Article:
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By Nick Wakeman

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Nick Wakeman

Kay Kapoor on AT&T's convergence strategy

Kay Kapoor’s career has taken her from the largest defense contractor in the world [Lockheed Martin] to one of the biggest consulting firms [Accenture] and now to the company that pretty much invented the telephone [AT&T].

But a common thread connects these companies and drives Kapoor’s motivation in the federal space – bringing leading edge technologies that help the government operate more efficiently.

Kay Kapoor

Kay Kapoor, AT&T Government Solutions

She joined AT&T as president of its government solutions business in 2013 because she saw the rising wave of the convergence of traditional IT and communications technology. Instead of using the term IT, a more accurate description is ITC, because all of the company's IT needs are now communications needs, she says.

She and I had a chance to talk last month about AT&T and the major trends in the market, and she sees an exciting but challenging time ahead, especially for companies poised to bring commercial solutions to the government market.

WASHINGTON TECHNOLOGY: Tell me where you are now, and where are you headed?

KAPOOR: I joined AT&T for two reasons. One attraction was joining an organization with a depth and breadth of resources and the powerful legacy of the AT&T brand.

The second reason is that I’ve spent my entire career serving the government space. I grew up as a software developer when we did custom solutions. Now, it’s a world where a lot of solutions are pre-packaged to a point. Companies that have applicable commercial solutions can bring them to the government market and scale them up and provide some thin integration and customization and can help the government quickly and cost effectively.

That’s why I joined AT&T. There is so much innovation embedded here.

I’m bullish that the federal team can harness the power of Big AT&T and bring solutions and customize them somewhat for the federal space and do it very quickly.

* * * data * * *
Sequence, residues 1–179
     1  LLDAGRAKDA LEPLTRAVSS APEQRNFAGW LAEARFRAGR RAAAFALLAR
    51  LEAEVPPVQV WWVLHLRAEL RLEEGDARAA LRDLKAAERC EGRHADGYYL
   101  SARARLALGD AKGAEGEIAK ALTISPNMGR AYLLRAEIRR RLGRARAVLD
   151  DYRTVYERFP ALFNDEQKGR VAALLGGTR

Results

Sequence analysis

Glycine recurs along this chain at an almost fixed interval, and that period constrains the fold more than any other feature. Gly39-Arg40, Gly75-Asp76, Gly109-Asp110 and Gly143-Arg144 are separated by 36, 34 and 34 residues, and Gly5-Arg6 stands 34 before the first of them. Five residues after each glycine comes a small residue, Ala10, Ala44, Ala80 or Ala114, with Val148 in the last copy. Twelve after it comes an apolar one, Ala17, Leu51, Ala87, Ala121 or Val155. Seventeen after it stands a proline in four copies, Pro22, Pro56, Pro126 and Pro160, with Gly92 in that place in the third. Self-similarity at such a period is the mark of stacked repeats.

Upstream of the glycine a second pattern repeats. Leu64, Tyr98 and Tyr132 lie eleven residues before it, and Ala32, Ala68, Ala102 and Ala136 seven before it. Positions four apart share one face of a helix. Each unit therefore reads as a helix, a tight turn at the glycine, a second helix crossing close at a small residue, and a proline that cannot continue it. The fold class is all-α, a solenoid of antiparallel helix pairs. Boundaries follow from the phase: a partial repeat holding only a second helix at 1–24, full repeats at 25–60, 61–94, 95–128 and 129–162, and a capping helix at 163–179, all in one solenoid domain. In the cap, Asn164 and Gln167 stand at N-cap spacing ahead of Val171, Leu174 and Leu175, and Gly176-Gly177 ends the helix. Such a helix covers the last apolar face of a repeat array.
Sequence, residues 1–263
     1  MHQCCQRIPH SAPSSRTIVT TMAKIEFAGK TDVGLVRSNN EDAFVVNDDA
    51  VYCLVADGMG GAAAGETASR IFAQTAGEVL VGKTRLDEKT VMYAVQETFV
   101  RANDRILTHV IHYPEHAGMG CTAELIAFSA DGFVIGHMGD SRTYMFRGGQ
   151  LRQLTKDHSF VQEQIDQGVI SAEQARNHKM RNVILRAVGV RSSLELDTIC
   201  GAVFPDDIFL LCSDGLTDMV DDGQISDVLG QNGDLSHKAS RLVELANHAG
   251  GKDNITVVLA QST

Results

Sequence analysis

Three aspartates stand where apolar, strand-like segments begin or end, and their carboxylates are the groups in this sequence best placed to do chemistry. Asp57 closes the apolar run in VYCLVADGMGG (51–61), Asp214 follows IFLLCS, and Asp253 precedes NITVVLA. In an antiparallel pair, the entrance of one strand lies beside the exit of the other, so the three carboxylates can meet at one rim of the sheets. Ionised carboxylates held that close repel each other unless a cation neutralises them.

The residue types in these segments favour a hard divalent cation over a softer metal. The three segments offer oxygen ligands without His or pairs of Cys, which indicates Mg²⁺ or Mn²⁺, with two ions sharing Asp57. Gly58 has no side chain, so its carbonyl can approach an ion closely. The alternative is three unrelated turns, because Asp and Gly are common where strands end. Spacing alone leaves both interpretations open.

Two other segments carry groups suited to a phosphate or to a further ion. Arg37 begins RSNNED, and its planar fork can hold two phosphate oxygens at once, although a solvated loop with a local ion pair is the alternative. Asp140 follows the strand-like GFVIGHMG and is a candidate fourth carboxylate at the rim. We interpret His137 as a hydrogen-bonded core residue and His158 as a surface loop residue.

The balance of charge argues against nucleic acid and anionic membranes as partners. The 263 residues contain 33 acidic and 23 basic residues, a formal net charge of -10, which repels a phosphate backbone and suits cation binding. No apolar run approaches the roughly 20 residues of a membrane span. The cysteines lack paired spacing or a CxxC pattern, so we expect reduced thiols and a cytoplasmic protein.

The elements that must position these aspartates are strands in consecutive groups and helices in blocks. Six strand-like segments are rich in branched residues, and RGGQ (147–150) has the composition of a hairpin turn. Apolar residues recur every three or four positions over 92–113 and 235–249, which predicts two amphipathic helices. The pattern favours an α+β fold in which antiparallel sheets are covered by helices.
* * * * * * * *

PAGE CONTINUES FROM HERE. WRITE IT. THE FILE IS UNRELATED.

WT: Was there less connection between AT&T government and the rest of AT&T in the past?

KAPOOR: There was a great team and it was very successful before I got here, but AT&T brought me in for my deep knowledge of the space, and they’ve chosen to invest in this space. They’ve allowed me to bring in more talent.

They’ve allowed us to invest in customizing the products and solutions for the federal space. There is a real appetite from the corporate side for the federal space.

WT: Can you give me some examples of solutions that are being customized?

KAPOOR: We are seeing a convergence of information and communications technologies. There is the constant demand from customers for real-time information wherever they are and in whatever medium they choose.

In the federal space, information needs to be highly tailored for a certain agency or department. They are not just looking for any information, but they are looking for insights gleaned via analytics. And they want that information delivered in real time.

We are looking at things like high-speed, high-definition, video, audio and most importantly, security.

We are seeing a convergence of social, mobile, analytics and cloud, what some people call SMAC. But from the user’s standpoint, they don’t care. They just want the information. They don’t care if it is residing in the cloud or their desktops, as long as it is secure, and relevant.